Whether you’re a seasoned coach or just stepping into this dynamic field, understanding the legalities of what you can and cannot do is crucial. Today, we explore the scope of practice in coaching across various fields, from health and wellness to business and life coaching, and unravel how to navigate these waters legally and ethically.
In this episode, you’ll hear…
- The legal boundaries and scope of practice for coaches in various fields.
- How to navigate coaching within legal constraints, focusing on education and empowerment.
- Understanding the importance of adhering to the legal scope of practice in coaching.
- Practical advice for coaches to operate within legal limits and offer value to clients.
- The role of coaches in guiding clients to make informed decisions themselves.
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Understanding Your Legal Boundaries as a Coach
Navigating the legal landscape as a coach can be daunting. It’s essential to understand where your qualifications and the law draw the line. Can you offer specific health advice if you’re not a registered dietitian? What kind of financial guidance is off-limits unless you’re a certified planner? These are the questions we address, focusing on educating, empowering, and encouraging your clients within the legal framework.
The Importance of Scope of Practice
The term ‘scope of practice’ might sound technical, but it’s the backbone of legal coaching. It defines what you can legally do, say, and teach in your business. This understanding protects not just you, but also your clients. By knowing your limits, you can avoid overstepping into areas that require specific licenses or certifications.
Practical Tips for Staying Within Legal Limits
So, how do you provide value without crossing legal lines? It’s about guiding your clients to make informed decisions themselves, rather than making those decisions for them. For instance, if you’re a health coach, you can help clients understand different food categories but not prescribe specific meal plans. This approach ensures that you’re helping clients in a way that’s both legally sound and genuinely beneficial.
As a coach, your role is to illuminate the path for your clients, not to walk it for them. By understanding and respecting the legal boundaries of your practice, you can build a strong, sustainable business that truly empowers your clients. Remember, knowledge is power, and staying informed is key to thriving in the coaching industry.
Sam Vander Wielen:
Hey there, welcome back to On Your Terms. I’m your host, Sam Vander Wielen. And welcome back to the show if you’ve been listening already, and welcome if you’re new here. So, as longtime listeners probably know, I’m hard at work on my book. I’m writing my first book and I turn in my chapters as I go along. The whole thing is due in January, so it’s really going to be crunch time. More details coming soon, I promise, and I have episodes I can link down below where I’ve shared some book updates along the way.
But while I put my head down and I focus on writing my book this month, editing the chapters I’ve already gotten back from the publisher, we’ll be revisiting some of your frequent asked questions, your favorite FAQs here about legal and business questions here on On Your Terms throughout November. So, whether you missed them the first time around or you just need a refresher, because you’re like me and you like to hear things a couple of times in order to get it, we’ve curated a selection that’s a must listen for any online business owner. I hope you enjoy. All right, let’s jump into it.
Hey there and welcome back to another episode of Sam’s Sidebar, where I tackle your essential questions about starting and growing a legally protected online business in ten minutes or less.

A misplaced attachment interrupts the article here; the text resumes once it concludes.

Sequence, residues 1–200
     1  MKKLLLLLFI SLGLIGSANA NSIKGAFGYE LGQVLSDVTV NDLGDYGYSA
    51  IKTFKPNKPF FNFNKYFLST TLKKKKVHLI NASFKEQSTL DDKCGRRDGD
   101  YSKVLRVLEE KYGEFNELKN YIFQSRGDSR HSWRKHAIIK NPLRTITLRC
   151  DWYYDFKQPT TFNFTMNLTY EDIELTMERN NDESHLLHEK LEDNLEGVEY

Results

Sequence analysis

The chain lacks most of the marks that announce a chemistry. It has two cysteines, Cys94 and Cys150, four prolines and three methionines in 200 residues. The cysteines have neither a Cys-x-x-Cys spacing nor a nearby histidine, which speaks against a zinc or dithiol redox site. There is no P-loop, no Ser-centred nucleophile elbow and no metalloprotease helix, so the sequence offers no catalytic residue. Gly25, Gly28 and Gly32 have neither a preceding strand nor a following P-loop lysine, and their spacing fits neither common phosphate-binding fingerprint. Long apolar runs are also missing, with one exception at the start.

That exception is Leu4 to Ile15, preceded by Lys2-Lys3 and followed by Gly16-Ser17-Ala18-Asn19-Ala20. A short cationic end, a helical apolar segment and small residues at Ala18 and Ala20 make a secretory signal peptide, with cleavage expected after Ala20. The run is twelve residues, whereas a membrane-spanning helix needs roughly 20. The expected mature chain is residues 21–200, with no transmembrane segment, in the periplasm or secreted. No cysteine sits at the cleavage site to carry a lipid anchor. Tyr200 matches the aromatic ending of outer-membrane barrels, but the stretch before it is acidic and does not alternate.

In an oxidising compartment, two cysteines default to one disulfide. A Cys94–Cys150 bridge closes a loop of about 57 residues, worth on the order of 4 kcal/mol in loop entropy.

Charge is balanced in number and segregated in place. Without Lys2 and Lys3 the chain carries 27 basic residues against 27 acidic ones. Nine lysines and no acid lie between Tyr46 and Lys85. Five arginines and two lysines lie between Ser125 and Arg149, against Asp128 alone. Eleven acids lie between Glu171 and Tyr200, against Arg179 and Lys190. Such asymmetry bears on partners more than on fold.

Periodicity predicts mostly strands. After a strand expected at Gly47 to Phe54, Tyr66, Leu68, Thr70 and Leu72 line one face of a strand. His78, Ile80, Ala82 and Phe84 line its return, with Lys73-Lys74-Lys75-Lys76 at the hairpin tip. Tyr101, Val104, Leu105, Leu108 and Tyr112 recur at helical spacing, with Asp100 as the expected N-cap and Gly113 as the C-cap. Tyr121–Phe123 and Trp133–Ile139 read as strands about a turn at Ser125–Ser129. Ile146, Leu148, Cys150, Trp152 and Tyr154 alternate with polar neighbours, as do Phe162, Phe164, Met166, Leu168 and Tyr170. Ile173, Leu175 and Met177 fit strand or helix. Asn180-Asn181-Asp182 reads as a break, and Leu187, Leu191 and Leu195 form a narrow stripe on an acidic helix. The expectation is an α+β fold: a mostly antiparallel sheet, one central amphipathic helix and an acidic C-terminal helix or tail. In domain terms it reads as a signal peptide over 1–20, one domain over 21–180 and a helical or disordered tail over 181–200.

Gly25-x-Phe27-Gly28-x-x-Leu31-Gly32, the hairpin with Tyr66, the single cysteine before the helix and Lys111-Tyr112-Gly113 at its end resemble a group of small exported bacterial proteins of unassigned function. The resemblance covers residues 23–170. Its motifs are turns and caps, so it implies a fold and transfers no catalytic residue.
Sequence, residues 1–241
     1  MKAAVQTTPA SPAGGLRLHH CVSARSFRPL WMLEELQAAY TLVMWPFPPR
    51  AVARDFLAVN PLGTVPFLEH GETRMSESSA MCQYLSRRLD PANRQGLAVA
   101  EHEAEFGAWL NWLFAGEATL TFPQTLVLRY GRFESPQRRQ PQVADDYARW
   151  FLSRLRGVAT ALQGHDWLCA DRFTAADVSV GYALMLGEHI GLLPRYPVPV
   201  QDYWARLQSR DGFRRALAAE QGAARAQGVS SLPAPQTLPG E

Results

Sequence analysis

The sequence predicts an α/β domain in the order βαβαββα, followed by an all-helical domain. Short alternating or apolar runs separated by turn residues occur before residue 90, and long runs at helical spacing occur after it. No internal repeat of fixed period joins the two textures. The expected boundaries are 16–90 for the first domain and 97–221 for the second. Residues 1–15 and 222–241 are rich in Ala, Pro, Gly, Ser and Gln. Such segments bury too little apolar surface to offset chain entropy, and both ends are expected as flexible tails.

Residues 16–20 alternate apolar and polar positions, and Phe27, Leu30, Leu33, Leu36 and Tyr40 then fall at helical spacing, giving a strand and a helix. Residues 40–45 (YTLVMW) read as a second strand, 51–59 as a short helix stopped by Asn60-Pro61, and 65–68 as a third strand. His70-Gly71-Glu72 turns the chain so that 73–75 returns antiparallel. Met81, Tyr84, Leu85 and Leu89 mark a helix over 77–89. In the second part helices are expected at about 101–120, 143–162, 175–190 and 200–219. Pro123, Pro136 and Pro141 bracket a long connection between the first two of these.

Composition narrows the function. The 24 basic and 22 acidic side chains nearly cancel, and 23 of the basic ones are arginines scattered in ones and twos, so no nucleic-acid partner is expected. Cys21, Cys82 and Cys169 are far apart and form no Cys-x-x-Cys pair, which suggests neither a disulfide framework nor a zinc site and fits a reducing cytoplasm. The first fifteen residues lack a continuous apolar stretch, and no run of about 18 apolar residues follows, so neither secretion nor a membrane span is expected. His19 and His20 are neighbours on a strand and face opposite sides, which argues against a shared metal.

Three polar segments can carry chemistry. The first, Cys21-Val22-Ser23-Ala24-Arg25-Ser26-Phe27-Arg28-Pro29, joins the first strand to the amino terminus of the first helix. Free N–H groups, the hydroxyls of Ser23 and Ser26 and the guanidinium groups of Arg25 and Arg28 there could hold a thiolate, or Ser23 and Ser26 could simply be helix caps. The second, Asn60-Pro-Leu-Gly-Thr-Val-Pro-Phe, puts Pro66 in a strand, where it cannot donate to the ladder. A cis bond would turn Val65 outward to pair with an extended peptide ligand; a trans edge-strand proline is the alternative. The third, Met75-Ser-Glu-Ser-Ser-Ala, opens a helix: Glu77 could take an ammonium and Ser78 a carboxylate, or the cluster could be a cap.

So, this week you’ll hear all about what coaches can legally do. In other words, what they can legally talk about, work on with their clients, offer as services, talk about in terms of content, all that good stuff. So, this week’s question comes from our listener, Leslie, who asked, "Hi, Sam. I have a question relating to suggesting health and nutrition advice as a health coach. I understand you can only provide specific meal plans if you’re an RD, but how do you educate or recommend? What’s the language you would use if you do want to talk about nutrition or meals? Can I give them recipes as a suggestion or can I tell them what I would do or what I would normally eat is X, Y, or Z?" Okay. That is a great question, Leslie.
And before we hop in, I want to talk about the fact that this episode is for you, even if you’re not in the health and wellness field. First and foremost, I want to clear up the nasty rumor that I do not only work with health and wellness people. I have health and wellness coaches, of course, of all varieties, but I also work with everybody from career coaches and life coaches and money coaches, business coaches, all kinds of things, as well as professionals like RDs and nutritionists, doctors, nurses, all kinds of people. And we work with course creators, and bloggers, food bloggers, all kinds of things. So, I just wanted to throw that out there but also because scope of practice is for you if you do anything in the coaching industry, if you talk about life, health, money, dating, business, accounting, legal, anything, you have to know about scope. So, okay, with that, let’s dive in.
Let’s talk about what scope of practice is and why it matters for your business. Scope of practice is just the kind of fancy legal term for what you can legally do, say, and teach in your business based on two different things. One, your state’s laws or all the different states’ laws and regulations, and two, what type or level of education, license, qualification, or certification you have for what you’re talking about in your business.
So, if you’re a coach or you want to be, you can only do what a coach can do. So, even if you have people sign legal agreements saying that they know, for example, that you’re not their doctor, their lawyer, their therapist, their accountant, their nutritionist, you still can’t do things that only those professionals can do. So, I think sometimes people get confused because they’re like, "Well, I told them I’m a health coach and then I had them sign a contract that says I’m not their doctor, so then I went and read their labs, and so isn’t that fine?" No, no, no. We have to do as we say and say as we do and all that good stuff.